Why Paul Ryan Failed as a Politician

Ryan’s plans explained the price of everything but the value of nothing,” so concludes Henry Olsen in an important piece for the Manhattan Institute’s City Journal.  Make sure to read the whole thing.

Paul Ryan promised to be a different kind of Republican politician. He was principled, they said. He was a man of solid character, they said. And all of those things, undoubtedly, are true. Olsen argues, however, that these virtues were also his vices. He may be a good man, but he was and is not a good politician.

The first duty of a politician is to love and understand the polis in which he aspires to govern. But more than he loved his country or its people, Ryan loved his principles and his own sense of “who he is” which he too readily confused with “who we are.” His wish was the father of his thought in this. He did not appear to love or understand the people of this country as they really are and his plans for her, if beautiful to look at on paper, did not spring forth from any stated aspirations of the people he was elected to champion. They were, instead, the product of ideas Ryan sought to make the lodestar of the country because they were his own.

In this, he differed from Obama only in the details. Obama sought to “fundamentally transform” America by insisting that his personal lodestar become that of the nation. When people resisted that, Ryan cheered. But did he hear why they resisted it? It was not just that they differed with Obama on policy. It was that resented the imposition. Who did he think he was, after all? Who asked him to “transform” the country? And, indeed, who asked Ryan?

If Ryan had asked what instead, the voters considered to be the issues that should define our time, things may have gone differently for him. He did not. He didn’t think he had to. Like Obama he was cock sure that he had the answers and the voters, now, are letting him know that he was mistaken. Ryan woke up one morning and did not recognize his party. This is “not who we are” he must have said to himself. Only it is, and he didn’t know what to do with that information.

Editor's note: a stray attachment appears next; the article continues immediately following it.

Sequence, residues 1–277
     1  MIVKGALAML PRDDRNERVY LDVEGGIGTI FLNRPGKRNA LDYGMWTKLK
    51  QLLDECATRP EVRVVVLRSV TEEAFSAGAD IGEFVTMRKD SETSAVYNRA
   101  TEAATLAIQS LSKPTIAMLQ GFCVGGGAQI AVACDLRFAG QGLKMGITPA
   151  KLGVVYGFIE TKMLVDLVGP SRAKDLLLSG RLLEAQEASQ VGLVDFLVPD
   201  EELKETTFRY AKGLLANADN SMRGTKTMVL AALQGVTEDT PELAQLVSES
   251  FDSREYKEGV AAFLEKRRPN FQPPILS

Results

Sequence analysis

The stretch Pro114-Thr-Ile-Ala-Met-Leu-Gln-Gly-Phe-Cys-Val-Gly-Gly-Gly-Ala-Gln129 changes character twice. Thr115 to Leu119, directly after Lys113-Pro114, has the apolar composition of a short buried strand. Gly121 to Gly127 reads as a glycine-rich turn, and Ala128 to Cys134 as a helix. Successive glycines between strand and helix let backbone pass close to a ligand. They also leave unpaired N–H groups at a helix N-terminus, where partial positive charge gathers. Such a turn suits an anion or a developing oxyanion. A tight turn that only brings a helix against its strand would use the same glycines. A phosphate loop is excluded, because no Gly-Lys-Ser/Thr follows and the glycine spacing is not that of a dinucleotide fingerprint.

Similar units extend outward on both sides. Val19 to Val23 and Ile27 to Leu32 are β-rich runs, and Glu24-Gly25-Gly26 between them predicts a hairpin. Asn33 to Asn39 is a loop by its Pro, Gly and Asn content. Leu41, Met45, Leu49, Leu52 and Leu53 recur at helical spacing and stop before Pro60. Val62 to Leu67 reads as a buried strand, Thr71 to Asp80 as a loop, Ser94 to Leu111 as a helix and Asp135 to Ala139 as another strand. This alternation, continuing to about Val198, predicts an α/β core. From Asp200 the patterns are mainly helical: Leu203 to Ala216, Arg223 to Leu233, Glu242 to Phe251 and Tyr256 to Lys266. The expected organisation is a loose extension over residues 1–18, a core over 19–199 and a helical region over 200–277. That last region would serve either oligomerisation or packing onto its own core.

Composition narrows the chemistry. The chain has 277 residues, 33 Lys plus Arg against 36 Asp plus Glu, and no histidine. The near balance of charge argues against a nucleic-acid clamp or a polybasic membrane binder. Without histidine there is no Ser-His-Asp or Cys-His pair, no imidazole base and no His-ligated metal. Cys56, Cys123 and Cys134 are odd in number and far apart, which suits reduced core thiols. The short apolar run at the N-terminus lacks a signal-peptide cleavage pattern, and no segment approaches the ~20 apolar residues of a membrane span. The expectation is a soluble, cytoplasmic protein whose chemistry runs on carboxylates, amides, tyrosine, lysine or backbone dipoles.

Olsen ends his piece on a note of hope for Ryan. Perhaps Ryan will take this time in the wilderness to reflect upon what went wrong on his maiden political voyage? Perhaps he will have a second sailing? Whatever hope may float, however, it remains that the hole in Ryan’s ship and in that of so many other politicians from the last cycle is in not listening or reacting to the opinions, the aspirations, and the demands of their sovereigns: the self-governing people of this nation. Ryan had enough sense to resign with dignity after giving it his best, and I am glad he did. But it remains that he knew he was going to be or should be fired.

It’s time now for the GOP to regroup and remember who’s the boss. None of this is to say that statesmen never need to or should not attempt to correct the sovereign when he is out of line. But ignoring or deceiving him is always a bad idea.

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About Julie Ponzi

Julie Ponzi is Senior Editor of American Greatness. She holds an M.A. in political philosophy and American politics from the Claremont Graduate University. She was an Earhart Fellow and a Bradley Foundation Fellow while studying at Claremont and also earned a Publius Fellowship from The Claremont Institute. Formerly the Director of Academic Programs at the Claremont Institute, she also taught American politics at Azusa Pacific University. Her writing has appeared in the Claremont Review of Books, The Online Library of Law and Liberty, The Columbus Dispatch, The Atlanta Journal-Constitution, and The Washington Times. She was also a regular and long-time contributor to the Ashbrook Center's blog, No Left Turns. She lives in California. You can follow her on Twitter at @JuliePonzi